Don’t Worry About Getting Credit for Personal Growth

I like pulling myself up by my own bootstraps. Sometimes that’s a good thing – I take initiative, I’m not needy, and I can self-motivate and self-actualize.

But along with my bootstrapping desires I also I have a strong desire for people to *know* that I have pulled myself up by my own bootstraps. That’s pride at best and crippling ego at worst.

I need to ask myself this: what’s the worst that can result if someone or something else gets credit for my improvement? What if people assign the causes of my own hard-won personal growth to someone or something outside of me?

First of all, we’re probably all not aware just how much we owe to others. I know I owe a lot of my perspective and understanding of what I need to improve on (and how to do it) to others.

But even setting that aside, it’s important to realize that in reality, most people don’t give a damn who is responsible for who’s improvement*. What they care about is the improvement itself. If I improve, I’m going to be more valuable to them and more pleasant to be around. Period, end of story. Sure, in the short run, someone else may get the credit. People might not see you scrambling to bootstrap. You’ll lose the short game of ego.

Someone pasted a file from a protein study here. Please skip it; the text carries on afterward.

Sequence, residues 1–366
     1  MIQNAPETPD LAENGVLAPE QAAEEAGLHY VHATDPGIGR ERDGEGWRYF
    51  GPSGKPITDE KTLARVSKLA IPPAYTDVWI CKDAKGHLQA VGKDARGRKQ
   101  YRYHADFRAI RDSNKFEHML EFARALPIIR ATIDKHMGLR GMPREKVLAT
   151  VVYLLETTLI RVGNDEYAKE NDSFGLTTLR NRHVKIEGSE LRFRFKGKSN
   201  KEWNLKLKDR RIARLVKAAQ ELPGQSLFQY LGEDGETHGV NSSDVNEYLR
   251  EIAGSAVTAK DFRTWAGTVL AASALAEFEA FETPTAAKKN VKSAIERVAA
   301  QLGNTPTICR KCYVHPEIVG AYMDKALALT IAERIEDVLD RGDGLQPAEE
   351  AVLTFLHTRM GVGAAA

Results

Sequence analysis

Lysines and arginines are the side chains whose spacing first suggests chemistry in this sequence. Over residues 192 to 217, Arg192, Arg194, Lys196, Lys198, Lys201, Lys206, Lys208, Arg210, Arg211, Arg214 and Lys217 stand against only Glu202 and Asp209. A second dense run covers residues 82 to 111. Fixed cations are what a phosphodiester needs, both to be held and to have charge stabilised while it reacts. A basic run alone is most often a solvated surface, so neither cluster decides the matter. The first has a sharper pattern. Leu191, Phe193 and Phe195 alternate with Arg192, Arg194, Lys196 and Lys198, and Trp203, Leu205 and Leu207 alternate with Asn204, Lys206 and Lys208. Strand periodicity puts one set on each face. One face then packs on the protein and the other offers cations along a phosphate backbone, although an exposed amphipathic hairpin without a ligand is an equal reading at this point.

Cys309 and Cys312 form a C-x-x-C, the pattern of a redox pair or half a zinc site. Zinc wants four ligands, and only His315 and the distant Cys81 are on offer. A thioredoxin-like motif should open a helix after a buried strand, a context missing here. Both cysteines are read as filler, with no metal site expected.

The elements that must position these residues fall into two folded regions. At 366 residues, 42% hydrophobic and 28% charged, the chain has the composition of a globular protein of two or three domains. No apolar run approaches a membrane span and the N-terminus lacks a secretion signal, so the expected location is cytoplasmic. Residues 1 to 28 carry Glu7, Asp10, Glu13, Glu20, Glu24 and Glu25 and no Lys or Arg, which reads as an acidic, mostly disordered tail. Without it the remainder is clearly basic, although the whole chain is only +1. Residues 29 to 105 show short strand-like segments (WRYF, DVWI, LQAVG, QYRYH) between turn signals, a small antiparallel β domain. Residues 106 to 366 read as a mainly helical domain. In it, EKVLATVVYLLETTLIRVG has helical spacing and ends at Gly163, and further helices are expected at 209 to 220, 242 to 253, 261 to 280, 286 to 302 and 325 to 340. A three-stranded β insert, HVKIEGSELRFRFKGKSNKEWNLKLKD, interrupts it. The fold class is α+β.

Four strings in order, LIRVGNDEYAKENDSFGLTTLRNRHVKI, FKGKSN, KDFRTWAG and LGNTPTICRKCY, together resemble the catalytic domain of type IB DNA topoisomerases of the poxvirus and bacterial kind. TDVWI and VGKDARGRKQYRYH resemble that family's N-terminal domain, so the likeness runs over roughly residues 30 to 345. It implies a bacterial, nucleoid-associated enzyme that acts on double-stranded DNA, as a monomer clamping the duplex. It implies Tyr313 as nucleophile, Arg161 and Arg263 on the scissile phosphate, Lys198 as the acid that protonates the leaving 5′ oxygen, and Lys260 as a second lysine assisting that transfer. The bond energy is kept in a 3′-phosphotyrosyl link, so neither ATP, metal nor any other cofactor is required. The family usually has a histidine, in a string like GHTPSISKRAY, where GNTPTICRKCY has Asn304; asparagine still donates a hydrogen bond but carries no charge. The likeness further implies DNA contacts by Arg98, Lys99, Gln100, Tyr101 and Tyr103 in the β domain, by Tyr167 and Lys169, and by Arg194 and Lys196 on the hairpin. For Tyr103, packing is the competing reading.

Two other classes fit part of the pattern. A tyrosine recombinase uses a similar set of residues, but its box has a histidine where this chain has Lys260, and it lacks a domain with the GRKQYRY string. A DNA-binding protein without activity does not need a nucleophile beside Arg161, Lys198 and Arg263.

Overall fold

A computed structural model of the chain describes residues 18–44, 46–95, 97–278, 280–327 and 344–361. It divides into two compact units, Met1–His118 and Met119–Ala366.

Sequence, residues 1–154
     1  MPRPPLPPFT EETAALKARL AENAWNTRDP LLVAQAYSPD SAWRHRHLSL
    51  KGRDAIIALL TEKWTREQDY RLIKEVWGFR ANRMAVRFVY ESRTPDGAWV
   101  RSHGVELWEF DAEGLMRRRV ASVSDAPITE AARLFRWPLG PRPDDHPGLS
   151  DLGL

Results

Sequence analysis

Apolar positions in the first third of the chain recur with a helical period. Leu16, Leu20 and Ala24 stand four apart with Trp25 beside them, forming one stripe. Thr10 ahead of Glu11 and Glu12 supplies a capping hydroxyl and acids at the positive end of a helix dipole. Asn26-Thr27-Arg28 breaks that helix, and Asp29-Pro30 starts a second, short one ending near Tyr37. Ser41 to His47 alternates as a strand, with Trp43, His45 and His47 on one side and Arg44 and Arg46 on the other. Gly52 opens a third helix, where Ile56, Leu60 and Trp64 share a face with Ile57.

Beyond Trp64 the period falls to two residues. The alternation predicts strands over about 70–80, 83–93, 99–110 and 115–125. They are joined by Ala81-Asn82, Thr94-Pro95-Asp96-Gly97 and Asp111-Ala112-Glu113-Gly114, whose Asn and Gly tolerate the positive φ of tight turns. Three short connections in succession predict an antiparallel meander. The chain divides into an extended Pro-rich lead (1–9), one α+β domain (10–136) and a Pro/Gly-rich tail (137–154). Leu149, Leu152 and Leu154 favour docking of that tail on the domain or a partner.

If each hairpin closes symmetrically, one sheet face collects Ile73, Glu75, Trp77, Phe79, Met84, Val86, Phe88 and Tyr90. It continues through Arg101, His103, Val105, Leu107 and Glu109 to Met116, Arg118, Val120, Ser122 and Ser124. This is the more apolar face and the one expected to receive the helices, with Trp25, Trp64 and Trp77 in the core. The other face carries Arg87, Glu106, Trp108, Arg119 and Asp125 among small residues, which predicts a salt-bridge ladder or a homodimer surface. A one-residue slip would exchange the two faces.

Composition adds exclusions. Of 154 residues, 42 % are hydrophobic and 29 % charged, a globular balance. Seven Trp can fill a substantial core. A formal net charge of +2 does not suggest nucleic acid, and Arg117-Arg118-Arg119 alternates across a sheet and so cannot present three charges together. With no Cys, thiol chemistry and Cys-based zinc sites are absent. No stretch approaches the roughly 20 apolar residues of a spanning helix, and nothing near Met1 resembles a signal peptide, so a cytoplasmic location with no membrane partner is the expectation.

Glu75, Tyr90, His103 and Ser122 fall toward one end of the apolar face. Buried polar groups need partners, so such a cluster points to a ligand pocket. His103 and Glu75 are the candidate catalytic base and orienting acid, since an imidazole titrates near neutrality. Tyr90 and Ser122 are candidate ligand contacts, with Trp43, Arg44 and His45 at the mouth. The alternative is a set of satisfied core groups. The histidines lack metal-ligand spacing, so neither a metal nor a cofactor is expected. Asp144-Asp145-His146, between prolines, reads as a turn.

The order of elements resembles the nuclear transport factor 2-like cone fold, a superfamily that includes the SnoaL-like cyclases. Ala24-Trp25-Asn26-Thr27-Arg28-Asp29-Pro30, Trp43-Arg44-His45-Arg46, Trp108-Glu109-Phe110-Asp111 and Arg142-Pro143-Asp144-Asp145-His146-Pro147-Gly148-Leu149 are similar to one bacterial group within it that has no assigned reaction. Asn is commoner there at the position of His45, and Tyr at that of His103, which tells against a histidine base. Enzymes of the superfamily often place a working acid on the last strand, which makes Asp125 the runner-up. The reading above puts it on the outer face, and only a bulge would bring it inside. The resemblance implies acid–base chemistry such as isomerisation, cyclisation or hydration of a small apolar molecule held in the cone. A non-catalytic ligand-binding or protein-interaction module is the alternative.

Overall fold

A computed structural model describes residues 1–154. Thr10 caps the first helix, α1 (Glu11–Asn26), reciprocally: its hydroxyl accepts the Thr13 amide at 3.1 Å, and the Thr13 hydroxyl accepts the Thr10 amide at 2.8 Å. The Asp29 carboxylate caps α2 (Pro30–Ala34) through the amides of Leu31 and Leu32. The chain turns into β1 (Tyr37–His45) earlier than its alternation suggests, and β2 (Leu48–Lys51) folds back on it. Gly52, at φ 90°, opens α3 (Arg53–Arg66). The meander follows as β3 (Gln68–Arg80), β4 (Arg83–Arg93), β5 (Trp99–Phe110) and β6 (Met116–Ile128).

But you’re in this for the long game of improvement, not the short game of ego. And in the long game personal growth matters despite its source. Remember that you’re pulling yourself up by your bootstraps not to prove something, but because it’s one of the most effective ways to learn.

*There’s a Harry Truman (eww) quote which I like for other situations, but which applies here also: “It is amazing what you can accomplish if you do not care who gets the credit.”

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James Walpole is a writer, startup marketer, intellectual explorer, and perpetual apprentice. He opted out of college to join the Praxis startup apprenticeship program and currently manages marketing and communications at bitcoin payment technology company BitPay. He writes daily at jameswalpole.com.

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